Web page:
- Both companies must conduct an initial audit of its entire refineries' equipment components to determine compliance with the Leak Detection and Repair (LDAR) requirements in NSPS Subpart GGG;
- Both companies must conduct follow-up third party audits every four years to determine compliance with the LDAR requirements;
- Both companies must prepare a refinery wide LDAR program and perform enhanced training on the LDAR requirements;
- Both companies must use lower internal leak definitions than required by regulation when monitoring as required by NSPS Subpart GGG; and
- Both companies have accepted other enhancements to the LDAR requirements involving chronically leaking valves, additional requirements to place equipment on a Delay of Repair list and limits on the number of components on the Delay of Repair lists.
This settlement will reduce NOx emissions by 813 tons per year (tpy) and SO2 emissions by 645 tpy, once all emissions controls and emissions-reduction practices have been installed and implemented. The settlement will also result in additional reductions of VOCs, benzene and other pollutants.
Health Effects and Environmental Benefits:
Nitrogen oxides and sulfur dioxide all have adverse effects on human health and the environment, as discussed below.
- Nitrogen Oxides - Nitrogen oxides can cause ground-level ozone, acid rain, particulate matter, global warming, water quality deterioration, and visual impairment. Nitrogen oxides play a major role, with volatile organic chemicals, in the atmospheric reactions that produce ozone. Children, people with lung diseases such as asthma, and people who work or exercise outside are susceptible to adverse effects such as damage to lung tissue and reduction in lung function.
- Sulfur Dioxide - High concentrations of SO2 affect breathing and may aggravate existing respiratory and cardiovascular disease. Sensitive populations include asthmatics, individuals with bronchitis or emphysema, children and the elderly. Sulfur dioxide is also a primary contributor to acid deposition, or acid rain.
- Volatile Organic Compounds - VOCs, along with NOx, play a major role in the atmospheric reactions that produce ozone, which is the primary constituent of smog. People with lung disease, children, older adults, and people who are active can be affected when ozone levels are unhealthy. Ground-level ozone exposure is linked to a variety of short-term health problems, including lung irritation and difficulty breathing, as well as long-term problems, such as permanent lung damage from repeated exposure, aggravated asthma, reduced lung capacity, and increased susceptibility to respiratory illnesses such as pneumonia and bronchitis.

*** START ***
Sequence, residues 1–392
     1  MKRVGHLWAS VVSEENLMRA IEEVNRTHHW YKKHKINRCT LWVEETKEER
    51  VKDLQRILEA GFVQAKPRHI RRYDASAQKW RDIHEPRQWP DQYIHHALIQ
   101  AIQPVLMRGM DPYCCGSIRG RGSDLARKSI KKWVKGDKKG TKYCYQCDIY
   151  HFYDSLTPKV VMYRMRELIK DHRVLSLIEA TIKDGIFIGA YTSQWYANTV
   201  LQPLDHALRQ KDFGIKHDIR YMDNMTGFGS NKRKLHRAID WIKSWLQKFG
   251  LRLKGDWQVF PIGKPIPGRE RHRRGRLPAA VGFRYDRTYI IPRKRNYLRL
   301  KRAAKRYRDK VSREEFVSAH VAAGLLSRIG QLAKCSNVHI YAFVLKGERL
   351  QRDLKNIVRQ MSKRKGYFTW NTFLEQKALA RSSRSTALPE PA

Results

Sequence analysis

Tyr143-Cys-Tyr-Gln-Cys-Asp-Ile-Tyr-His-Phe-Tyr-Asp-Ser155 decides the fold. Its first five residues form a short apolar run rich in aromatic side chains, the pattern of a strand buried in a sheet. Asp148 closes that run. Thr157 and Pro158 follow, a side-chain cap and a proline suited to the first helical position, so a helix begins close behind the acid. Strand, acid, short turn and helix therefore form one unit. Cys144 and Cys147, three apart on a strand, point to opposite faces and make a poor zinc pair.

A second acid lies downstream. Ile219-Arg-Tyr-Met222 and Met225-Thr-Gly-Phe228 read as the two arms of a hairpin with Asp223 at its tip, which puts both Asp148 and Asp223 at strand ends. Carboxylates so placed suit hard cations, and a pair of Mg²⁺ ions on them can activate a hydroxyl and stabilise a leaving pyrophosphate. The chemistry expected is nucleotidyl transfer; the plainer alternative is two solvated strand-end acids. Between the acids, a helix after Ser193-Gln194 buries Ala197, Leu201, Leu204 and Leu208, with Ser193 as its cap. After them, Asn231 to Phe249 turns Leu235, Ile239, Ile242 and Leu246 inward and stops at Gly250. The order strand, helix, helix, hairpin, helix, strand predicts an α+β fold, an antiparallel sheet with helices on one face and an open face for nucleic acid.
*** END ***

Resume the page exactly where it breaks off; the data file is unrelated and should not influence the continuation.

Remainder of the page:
- Benzene - Acute (short-term) inhalation exposure of humans to benzene may cause drowsiness, dizziness, headaches, as well as eye, skin, and respiratory tract irritation, and, at high levels, unconsciousness. Chronic (long-term) inhalation exposure has caused various disorders in the blood, including reduced numbers of red blood cells and anemia in occupational settings. Reproductive effects have been reported for women exposed by inhalation to high levels, and adverse effects on the developing fetus have been observed in animal tests. Increased incidences of leukemia have been observed in humans occupationally exposed to benzene. EPA has classified benzene as a Group A human carcinogen.
Shell Chemical and Shell Yabucoa together will pay a $3.5 million civil penalty, as follows:
- $2.5 million paid to the U.S. Treasury
- $622,000 to Alabama
- $184,630 to Louisiana
Supplemental Environmental Projects (SEPs)
Shell Chemical will perform three state-only SEPs in Louisiana as follows:
- Donate $100,000 to Louisiana Department of Environmental Quality to support the production of educational campaigns that promote awareness of illegal dumping, stormwater construction activities, ozone nonattainment and/or other environmental activities;
- Donate $83,370 the St. Charles Parish Emergency Operations Center for the purchase and installation of two additional AM radios emergency transmitters and emergency signs for the Montz area; and
- Donate $10,000 to the Audubon Nature Institute of New Orleans to support its Teacher Workshops on Environmental Education programs.
The states of Alabama and Louisiana participated in the settlement negotiations and are parties to the settlements.
The proposed settlements are lodged as follows:
- Shell Chemical LP in the U.S. District Court for the Southern District of Texas
- Shell Chemical Yabucoa, Inc. in the U.S. District Court for the district of Puerto Rico
Both consent decrees will be subject to a 30-day public comment period and final court approval. Information on submitting comments is available at the Department of Justice website.
For more information, contact:
U.S. Environmental Protection Agency (2242A)
1200 Pennsylvania Ave., N.W.
Washington, DC 20460-0001